"Our test quickly finds coffee containing unwanted fillers before the beverage reaches stores and restaurants," researchers said.

The findings will be part of the 248th national meeting and exposition of the American Chemical Society (ACS), the world's largest scientific society, this week.

RECOMMENDED FOR YOU

Test to reveal if your coffee is fake

Is your cup of hot coffee brimming with ingredients like starch syrup that are neither sweet nor flavourful? Worry not as a test to detect counterfeit coffee is here.

Is your cup of hot coffee brimming with ingredients like starch syrup that are neither sweet nor flavourful? Worry not as a test to detect counterfeit coffee is here.

According to a significant study, growing coffee shortages may increase the chance of having fillers in your coffee in the future.

With new test, it is now possible to know with 95 percent accuracy if coffee is pure or has been tampered with corn, barley, wheat, soybeans, rice, beans, acai seed, brown sugar or starch syrup, researchers said.

These extra ingredients, though not harmful, make ground coffee go farther and increase profits for producers.

"With a lower supply of coffee in the market, prices rise and that favours fraud because of the economic gain," said lead researcher Suzana Lucy Nixdorf from State University of Londrina in Brazil.

The test uses liquid chromatography and statistical tools.

This gives the team a much closer look at the ingredients in an unbiased way, according to Nixdorf.

Chromatography is a powerful analytical technique that is very sensitive and highly selective.

"Because much of the coffee is composed of carbohydrates, researchers could develop a 'characteristic fingerprint' when using chromatography that separates out the real coffee compounds," Nixdorf noted.

The added, unwanted grain fillers generate different levels of sugars than the natural ingredients, so they are easy to identify.

According to researchers, after roasting and grinding the raw material, it becomes impossible to see any difference between grains of lower cost incorporated into the coffee, especially because of the dark colour and oily texture of coffee.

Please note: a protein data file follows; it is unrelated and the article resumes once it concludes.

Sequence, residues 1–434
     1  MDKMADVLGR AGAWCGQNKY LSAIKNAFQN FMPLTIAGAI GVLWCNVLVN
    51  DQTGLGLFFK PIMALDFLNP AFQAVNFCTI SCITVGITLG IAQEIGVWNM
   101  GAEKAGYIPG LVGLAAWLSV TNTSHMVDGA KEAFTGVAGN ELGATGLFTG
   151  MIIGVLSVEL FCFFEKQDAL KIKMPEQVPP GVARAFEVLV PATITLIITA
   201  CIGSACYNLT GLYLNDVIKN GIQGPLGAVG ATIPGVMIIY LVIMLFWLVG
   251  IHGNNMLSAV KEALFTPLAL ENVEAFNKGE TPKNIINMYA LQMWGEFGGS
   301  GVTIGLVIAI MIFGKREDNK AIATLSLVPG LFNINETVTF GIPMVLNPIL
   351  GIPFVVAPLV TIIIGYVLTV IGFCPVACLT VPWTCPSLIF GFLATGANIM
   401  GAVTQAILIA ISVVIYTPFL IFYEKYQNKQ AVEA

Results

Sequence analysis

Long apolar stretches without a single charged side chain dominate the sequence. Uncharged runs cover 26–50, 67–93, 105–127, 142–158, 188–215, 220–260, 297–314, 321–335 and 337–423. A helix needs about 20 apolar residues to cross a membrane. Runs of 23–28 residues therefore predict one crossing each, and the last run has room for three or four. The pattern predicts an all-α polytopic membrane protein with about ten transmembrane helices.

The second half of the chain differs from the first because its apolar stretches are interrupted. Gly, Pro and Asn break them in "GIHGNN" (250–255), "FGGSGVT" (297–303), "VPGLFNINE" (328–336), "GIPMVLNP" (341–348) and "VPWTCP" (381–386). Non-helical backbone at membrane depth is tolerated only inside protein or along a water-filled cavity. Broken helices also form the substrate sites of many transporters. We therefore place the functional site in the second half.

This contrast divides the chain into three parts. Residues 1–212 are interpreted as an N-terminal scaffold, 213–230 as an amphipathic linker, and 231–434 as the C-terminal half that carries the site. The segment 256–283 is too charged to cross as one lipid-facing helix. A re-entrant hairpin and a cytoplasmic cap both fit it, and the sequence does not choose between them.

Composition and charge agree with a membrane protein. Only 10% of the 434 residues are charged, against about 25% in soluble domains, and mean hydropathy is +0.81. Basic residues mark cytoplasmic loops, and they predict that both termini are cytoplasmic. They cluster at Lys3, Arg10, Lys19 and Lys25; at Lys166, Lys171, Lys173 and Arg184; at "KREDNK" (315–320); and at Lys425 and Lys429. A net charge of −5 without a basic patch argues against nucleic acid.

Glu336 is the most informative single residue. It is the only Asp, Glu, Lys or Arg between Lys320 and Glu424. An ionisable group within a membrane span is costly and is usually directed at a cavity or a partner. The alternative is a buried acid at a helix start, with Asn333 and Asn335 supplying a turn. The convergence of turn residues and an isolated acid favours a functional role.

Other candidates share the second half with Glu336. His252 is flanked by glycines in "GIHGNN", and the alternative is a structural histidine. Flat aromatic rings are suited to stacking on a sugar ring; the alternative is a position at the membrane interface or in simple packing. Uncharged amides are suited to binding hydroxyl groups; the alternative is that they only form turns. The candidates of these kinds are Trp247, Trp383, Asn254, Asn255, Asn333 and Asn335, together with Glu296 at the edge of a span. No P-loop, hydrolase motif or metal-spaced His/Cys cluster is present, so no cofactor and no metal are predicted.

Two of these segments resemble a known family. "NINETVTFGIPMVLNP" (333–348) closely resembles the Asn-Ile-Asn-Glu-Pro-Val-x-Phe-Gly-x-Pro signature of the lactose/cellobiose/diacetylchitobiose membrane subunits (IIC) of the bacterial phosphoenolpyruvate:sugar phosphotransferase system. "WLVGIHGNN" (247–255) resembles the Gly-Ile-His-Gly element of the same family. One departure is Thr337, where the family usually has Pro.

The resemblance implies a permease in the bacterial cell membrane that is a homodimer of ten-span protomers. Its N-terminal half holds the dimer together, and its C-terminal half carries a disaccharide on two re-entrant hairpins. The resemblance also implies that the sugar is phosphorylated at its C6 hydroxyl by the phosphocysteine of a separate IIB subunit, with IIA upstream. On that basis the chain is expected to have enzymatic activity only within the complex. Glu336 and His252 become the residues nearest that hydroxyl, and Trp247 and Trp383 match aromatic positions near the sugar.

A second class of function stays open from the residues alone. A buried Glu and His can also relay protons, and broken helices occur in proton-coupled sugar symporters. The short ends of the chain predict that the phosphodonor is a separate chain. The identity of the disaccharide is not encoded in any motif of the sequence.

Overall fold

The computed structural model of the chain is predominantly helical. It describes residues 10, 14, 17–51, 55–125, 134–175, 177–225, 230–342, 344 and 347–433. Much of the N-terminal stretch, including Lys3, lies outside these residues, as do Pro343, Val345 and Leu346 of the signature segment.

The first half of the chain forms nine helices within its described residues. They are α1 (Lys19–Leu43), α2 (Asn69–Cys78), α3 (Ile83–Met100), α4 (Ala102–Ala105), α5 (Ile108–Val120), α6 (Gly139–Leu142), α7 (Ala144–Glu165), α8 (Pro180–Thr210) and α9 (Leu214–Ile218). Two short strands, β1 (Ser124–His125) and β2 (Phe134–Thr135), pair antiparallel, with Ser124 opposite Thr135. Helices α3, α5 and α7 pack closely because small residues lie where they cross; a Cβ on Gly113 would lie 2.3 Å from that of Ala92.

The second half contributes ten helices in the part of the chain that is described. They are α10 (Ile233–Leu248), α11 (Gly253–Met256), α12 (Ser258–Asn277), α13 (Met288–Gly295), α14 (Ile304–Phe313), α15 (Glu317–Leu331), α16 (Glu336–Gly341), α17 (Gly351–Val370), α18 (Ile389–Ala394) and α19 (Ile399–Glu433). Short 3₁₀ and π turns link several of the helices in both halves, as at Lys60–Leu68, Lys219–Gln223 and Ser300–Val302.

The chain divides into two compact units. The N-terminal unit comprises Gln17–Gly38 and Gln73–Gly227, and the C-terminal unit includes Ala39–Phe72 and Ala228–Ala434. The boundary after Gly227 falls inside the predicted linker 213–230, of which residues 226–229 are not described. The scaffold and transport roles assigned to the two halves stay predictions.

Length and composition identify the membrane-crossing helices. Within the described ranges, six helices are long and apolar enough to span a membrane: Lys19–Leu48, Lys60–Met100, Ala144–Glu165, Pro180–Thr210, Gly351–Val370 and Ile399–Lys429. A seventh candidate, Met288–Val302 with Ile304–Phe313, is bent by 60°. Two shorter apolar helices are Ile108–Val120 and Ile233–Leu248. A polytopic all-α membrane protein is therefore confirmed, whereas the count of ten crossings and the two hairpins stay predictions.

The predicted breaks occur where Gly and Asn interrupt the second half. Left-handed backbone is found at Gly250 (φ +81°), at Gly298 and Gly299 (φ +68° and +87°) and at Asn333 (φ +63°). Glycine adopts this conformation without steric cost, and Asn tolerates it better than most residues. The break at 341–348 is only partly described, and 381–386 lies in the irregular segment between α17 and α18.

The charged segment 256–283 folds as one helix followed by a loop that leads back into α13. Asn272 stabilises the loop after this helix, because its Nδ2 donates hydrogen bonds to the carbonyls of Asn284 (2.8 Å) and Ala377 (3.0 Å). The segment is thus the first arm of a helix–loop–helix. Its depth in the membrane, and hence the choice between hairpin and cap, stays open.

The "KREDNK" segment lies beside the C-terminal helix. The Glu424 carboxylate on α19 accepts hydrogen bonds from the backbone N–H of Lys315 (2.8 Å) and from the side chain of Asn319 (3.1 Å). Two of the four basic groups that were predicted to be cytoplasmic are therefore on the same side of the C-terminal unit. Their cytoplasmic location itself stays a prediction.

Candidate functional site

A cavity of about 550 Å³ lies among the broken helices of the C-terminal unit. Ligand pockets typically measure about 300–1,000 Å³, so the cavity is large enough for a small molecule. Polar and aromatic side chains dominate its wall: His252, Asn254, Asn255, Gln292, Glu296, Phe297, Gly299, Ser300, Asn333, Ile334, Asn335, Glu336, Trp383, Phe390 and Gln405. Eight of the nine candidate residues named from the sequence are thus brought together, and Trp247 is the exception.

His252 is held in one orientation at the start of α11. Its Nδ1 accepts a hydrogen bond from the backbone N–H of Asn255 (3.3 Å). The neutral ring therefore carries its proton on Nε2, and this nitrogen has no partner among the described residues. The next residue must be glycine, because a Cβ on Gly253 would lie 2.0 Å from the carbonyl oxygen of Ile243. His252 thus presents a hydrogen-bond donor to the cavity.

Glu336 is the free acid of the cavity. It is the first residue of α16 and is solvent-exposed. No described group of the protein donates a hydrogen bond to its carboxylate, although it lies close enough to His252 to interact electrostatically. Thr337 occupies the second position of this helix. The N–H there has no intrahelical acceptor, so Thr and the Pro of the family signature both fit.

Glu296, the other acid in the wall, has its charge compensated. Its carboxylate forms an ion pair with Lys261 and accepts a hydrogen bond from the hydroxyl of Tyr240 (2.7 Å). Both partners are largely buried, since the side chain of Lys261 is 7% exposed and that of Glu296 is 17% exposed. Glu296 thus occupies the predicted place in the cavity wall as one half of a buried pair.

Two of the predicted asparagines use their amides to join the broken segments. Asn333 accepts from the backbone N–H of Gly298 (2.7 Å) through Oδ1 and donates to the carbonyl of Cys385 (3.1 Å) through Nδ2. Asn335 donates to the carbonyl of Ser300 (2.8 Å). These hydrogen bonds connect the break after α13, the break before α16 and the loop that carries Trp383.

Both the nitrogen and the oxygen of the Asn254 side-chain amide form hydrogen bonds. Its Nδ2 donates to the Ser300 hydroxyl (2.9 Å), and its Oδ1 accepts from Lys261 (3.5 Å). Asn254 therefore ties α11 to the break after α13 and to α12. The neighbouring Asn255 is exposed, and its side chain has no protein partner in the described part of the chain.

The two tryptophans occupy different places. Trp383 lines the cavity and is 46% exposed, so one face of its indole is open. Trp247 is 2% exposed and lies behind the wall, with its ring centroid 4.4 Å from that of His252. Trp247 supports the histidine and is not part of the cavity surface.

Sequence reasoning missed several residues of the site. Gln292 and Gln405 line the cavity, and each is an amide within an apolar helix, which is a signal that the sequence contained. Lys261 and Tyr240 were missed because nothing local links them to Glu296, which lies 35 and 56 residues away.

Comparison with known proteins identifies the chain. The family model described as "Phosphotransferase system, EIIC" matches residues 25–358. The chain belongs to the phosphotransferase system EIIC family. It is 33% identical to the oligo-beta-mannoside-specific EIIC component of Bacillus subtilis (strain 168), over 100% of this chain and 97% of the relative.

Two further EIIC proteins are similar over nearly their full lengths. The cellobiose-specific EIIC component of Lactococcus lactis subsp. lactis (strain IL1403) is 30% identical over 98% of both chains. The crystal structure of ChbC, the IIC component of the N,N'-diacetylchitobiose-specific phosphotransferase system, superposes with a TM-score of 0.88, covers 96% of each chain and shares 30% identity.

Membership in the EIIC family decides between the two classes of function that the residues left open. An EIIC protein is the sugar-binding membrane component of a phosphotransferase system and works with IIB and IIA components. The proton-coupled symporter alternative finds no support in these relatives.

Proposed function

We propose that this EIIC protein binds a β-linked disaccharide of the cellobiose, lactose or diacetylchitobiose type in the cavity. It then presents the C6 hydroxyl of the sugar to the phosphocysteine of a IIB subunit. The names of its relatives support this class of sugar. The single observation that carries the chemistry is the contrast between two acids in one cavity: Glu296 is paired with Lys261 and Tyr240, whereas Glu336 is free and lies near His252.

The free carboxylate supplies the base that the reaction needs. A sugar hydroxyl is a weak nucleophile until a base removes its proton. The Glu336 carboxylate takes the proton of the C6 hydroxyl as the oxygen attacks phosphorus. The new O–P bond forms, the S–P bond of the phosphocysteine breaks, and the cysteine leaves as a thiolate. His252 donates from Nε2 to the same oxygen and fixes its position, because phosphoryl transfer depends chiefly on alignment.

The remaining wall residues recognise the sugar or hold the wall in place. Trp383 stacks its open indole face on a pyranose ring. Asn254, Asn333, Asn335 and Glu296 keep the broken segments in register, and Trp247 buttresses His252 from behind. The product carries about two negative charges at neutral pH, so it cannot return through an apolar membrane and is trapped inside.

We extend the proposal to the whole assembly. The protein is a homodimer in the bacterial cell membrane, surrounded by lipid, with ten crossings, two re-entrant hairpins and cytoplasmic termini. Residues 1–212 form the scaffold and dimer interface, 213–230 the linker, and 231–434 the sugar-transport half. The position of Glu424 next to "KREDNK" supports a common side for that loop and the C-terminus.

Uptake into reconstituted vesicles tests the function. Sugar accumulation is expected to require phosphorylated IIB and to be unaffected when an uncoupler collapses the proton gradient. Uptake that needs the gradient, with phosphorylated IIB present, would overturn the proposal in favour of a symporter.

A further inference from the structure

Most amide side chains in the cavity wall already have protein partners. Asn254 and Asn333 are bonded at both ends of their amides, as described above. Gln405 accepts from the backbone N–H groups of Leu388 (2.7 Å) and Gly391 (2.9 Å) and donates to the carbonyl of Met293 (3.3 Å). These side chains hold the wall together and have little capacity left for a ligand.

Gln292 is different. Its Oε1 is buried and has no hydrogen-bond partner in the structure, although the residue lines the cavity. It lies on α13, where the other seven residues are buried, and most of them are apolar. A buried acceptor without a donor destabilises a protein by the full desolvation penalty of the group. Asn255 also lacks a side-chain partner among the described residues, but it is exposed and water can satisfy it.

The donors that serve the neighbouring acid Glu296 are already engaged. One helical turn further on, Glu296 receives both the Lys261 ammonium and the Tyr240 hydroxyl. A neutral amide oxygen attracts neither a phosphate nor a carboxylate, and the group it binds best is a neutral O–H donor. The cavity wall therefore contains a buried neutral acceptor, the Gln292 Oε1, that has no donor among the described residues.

"Our test quickly finds coffee containing unwanted fillers before the beverage reaches stores and restaurants," researchers said.

The findings will be part of the 248th national meeting and exposition of the American Chemical Society (ACS), the world's largest scientific society, this week.

image
Business Standard
177 22

More News

  • SMEs fuelling India growth story: Adaire Fox-Martin SMEs fuelling India growth story: Adaire Fox-Martin
  • (From left to right) Dr Arvind Lal, CMD,  Dr Lal PathLabs Pvt Ltd and  Dr Om Manchanda, CEO, Lal PathLabs Pvt. Ltd at the announcement of Dr Lal PathLabs IPO in Mumbai (pic: Suryakant Niwate) Dr Lal PathLabs faces pricing pressure, margin erosion
Widgets Magazine
Widgets Magazine

Upgrade To Premium Services

Welcome User

Business Standard is happy to inform you of the launch of "Business Standard Premium Services"

As a premium subscriber you get an across device unfettered access to a range of services which include:

  • Access Exclusive content - articles, features & opinion pieces
  • Weekly Industry/Genre specific newsletters - Choose multiple industries/genres
  • Access to 17 plus years of content archives
  • Set Stock price alerts for your portfolio and watch list and get them delivered to your e-mail box
  • End of day news alerts on 5 companies (via email)
  • NEW: Get seamless access to WSJ.com at a great price. No additional sign-up required.
 

Premium Services

In Partnership with

 

Dear Guest,

 

Welcome to the premium services of Business Standard brought to you courtesy FIS.
Kindly visit the Manage my subscription page to discover the benefits of this programme.

Enjoy Reading!
Team Business Standard